via ParisBeijing Photo Gallery

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Monster Tricycle Is Impractical But Totally Awesome

What can you do with a monster truck tire and a rich imagination? Build a kick-ass tricycle, of course.

We can’t all build our very own sports car, or make a Batmobile replica out of scratch, but a good idea and some technical skills go along way, and this monster tricycle is the perfect example. Making great use of a giant tire, some European managed to build an old-school, with a modern twist.

Judging by the video footage below, riding the monster tricycle requires great leg  muscles, and I don’t even want to imagine what would happen if anyone were to ride it down hill, but it’s a great way to get noticed and become an Youtube sensation.

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The Wind-Powered Kinetic Sculptures of Theo Jansen

Called ‘Strandbeest’ (beach animals), the kinetic sculptures of Theo Jansen actually walk, using the power of the wind.

A former physicist, Theo Jansen has used all of his knowledge to create a new strain of life, creatures made of artificial matter that are able to use the power of the elements to move, store this energy for later use, and protect themselves in case of danger. Just like living being, Jansen’s automatons are constantly evolving, and learning new things. In their creator’s vision of the future, the strandbeest will, at one point, develop muscles and brains that will allow them to perform complex actions.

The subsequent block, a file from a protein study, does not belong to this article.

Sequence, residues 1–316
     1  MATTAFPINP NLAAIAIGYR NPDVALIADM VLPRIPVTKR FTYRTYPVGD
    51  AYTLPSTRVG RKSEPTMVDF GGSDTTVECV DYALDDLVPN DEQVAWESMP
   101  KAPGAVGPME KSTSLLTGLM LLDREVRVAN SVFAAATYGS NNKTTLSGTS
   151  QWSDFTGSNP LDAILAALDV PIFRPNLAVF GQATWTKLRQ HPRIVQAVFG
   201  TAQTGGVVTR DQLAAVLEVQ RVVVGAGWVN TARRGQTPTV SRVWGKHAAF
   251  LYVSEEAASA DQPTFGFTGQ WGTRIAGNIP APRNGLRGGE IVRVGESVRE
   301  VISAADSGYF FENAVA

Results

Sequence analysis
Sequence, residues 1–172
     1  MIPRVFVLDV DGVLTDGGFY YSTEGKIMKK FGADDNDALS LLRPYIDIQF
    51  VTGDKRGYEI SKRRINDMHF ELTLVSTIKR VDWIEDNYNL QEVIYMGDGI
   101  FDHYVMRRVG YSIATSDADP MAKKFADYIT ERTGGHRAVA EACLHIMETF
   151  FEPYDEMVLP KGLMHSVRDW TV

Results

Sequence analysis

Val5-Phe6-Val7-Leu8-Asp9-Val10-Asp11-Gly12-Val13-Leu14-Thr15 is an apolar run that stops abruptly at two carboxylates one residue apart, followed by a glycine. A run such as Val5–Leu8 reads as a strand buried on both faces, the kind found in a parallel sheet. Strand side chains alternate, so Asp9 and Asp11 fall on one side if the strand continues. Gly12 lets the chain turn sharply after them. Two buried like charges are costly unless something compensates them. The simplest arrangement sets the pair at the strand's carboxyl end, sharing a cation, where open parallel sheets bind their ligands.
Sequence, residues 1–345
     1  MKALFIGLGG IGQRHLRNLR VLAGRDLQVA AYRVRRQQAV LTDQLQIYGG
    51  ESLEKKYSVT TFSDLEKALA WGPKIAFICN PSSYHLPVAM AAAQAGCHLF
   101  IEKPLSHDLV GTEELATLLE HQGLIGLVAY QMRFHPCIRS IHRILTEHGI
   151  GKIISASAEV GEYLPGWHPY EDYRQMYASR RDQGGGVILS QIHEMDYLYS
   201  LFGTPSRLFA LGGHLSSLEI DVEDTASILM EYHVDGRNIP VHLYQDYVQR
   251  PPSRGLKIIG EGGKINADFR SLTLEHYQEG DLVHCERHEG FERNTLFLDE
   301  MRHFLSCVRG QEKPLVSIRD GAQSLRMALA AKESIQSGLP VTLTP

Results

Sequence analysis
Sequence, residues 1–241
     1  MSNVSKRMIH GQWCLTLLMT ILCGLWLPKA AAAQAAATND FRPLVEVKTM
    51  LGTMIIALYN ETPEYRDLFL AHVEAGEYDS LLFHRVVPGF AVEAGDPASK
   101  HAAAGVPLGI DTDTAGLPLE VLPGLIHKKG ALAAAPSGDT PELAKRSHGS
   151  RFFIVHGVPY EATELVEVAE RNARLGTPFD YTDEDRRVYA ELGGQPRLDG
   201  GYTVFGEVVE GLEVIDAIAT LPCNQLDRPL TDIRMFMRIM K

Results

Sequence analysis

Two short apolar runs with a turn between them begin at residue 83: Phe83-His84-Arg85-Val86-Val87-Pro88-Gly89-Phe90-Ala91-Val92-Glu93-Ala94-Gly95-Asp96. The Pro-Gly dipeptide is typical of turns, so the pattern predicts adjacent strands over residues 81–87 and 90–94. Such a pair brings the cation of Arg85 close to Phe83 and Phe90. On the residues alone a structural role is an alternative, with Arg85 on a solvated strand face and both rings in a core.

But today’s strandbeest are complex enough, displaying amazingly flowing movements as they use the power of wind. Some are able to store its energy and move for longer periods of time, while others have learned self-preservation, and stick their yellow tubes into the sand, when wind threatens to blow them away.

Reading about Theo Jansen’s strandbeest, and even looking at photos of them, makes little sense until you get the chance to see them in action. So, scroll down and prepare to have your mind blown.

Photos via WebUrbanist

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Motherboard Stained Glass Window Is Fit for a Geek Church

Remember those cool Transformer stained glass windows we featured, a while back? Well, the idea of unusual stained glass seems to have caught on pretty well, as people are coming up with the most interesting ideas.

The latest example is a stonemason, named Dan, who used some old motherboards, donated by a friend, to create a really cool stained glass window. He actually used his creation on one of his projects, integrating the motherboard stained glass in a sandstone tracery window. Apparently, it has a “good vs. evil” theme going on.

via Overclockers.com.au

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RUB Barbecue Chopper Makes a Mean Steak

Built back in 2007, by the guys at Orange County Choppers, the Barbecue Chopper actually features a working barbecue, for people who enjoy a nice steak, on the go.